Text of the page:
Just before the Tour left Paris a fortnight ago, the German team Telekom seemed more embarrassed than pleased when their Kazakhstani rider Alexandre Vinokourov announced that he would be fighting "for a podium place - and maybe more." His team manager Walter Godefroot, a bespectacled, serious-looking Belgian not known for panicking, spluttered nervously, "He's smiling, so it must be a joke."
Lack of high-level experience in major Tours and a gruelling early season made Vinokourov's prediction seem unfeasible. However, now lying in second place a bare 21 seconds behind the race leader Lance Armstrong, Vinokourov has proved the armchair theorists - and his own team officials - very wrong indeed.
Vinokourov, a mild-mannered individual who mumbles more than he speaks, promised during the Tour's first rest-day at Narbonne: "I will attack again in the Pyrenees. As for the rest, we'll see." But like Armstrong, who emerged stronger from the cancer that nearly killed him, Vinokourov has been far more ambitious since Andrei Kivilev, his compatriot and closest friend in the peloton, died from head injuries in the Paris-Nice stage race in March.
Vinokourov clambered victorious and in tears on to the podium in Nice bearing a huge portrait of Kivilev. His next victory, at the Amstel Gold World Cup race, was, he said, a farewell gesture to "Kivi" because 33 days had passed since the rider had died, the traditional Kazakhstani period for mourning.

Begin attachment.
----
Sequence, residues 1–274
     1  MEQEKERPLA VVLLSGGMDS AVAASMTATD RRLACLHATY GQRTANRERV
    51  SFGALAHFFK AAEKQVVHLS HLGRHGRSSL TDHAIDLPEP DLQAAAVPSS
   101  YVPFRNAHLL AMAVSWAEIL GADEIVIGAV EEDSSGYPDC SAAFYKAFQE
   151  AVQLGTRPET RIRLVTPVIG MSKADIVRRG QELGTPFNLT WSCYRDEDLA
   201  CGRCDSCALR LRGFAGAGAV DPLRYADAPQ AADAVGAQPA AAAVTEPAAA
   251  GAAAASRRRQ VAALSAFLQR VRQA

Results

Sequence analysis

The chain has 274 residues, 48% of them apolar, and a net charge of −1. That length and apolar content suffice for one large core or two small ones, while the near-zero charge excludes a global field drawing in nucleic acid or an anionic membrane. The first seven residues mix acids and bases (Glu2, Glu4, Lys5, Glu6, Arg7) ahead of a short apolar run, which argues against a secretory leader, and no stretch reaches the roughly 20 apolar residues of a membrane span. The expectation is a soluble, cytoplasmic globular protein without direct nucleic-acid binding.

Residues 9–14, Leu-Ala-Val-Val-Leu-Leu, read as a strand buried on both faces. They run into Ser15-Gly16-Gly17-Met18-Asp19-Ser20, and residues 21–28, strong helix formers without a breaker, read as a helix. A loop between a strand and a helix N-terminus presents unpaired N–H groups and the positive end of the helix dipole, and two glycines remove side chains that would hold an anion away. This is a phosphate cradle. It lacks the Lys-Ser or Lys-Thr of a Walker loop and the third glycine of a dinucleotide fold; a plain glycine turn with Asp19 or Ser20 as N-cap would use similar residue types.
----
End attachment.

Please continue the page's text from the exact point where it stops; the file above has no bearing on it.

Three months on, Vinokourov's first Tour stage win, at Gap on Monday, was dedicated in part to Kivilev, "because he rode with me today". Now he aims to fulfil another of his friend's objectives and finish on the podium. Or maybe more.
"Vinokourov says his tough early season doesn't matter because he has the strength of two men - his own, and Kivilev's," Telekom's press officer Luuc Eisenga said.
Vinokourov said he will be satisfied in tomorrow's time trial if he loses around 90 seconds to Armstrong, a specialist against the clock, but the following four mountain stages should be another story. Under attack as never before since winning his first Tour in 1999, Armstrong admitted that the 47km race "will be the most important one for me since 1999", but David Millar has his own designs on the stage.
The Scot's good condition shone through in Marseille on Tuesday when he acted as lead-out man - the rider who ups the pace in the final metres of a stage - for his close friends, the Australians Bradley McGee and Baden Cooke.
"I did that for fun." he said afterwards. Tomorrow, though, the Scot will have the chance to ride for himself.
Overall (yellow jersey): 1 L Armstrong (US) US Postal 45:46:22; 2 A Vinokourov (Kaz) Telekom +21sec; 3 I Mayo (Sp) Euskaltel +1:02; 4 F Mancebo (Sp) Banesto +1:37; 5 T Hamilton (US) CSC +1:52; 6 J Ullrich (Ger) Bianchi +2:10; 7 I Basso (It) Fassa Bortolo +2:25; 8 R Heras (Sp) US Postal +2:28; 9 H Zubeldia (Sp) Euskaltel +3:25; 10 D Menchov (Rus) Banesto +3:45. Selected: 16 R Virenque (Fr) Quick Step +5:59; 19 D Millar (GB) Cofidis +7:15. Points (green jersey): 1 Cooke 140; 2 McEwen 131; 3 Zabel 112; 4 T Hushovd (Nor) Crédit Agricole 107; 5 J-P Nazon 100; 6 O'Grady 94. King of the Mountains (polka-dot jersey): 1 Virenque 135; 2 J Jaksche (Ger) ONCE 75; 3 Armstrong 74; 4 I Parra (Col) Kelme 71; 5 A Garmendia (Sp) Bianchi 62. Teams: 1 CSC 134:32:58; 2 iBanesto.com 27; 3 Euskatel +11:09; 4 US Postal +15:20; 5 Cofidis +21:16. Under-25s (white jersey): 1 Menchov 45:50:07; 2 S Chavanel (Fr) Brioches +5:59; 3 E Petrov (Rus) Banesto +9:41; 4 J M Mercado (Sp) Banesto +11:46; 5 M Astarloza (Sp) AG2R +12:29.
Alasdair Fotheringham writes for Cycling WeeklyReuse content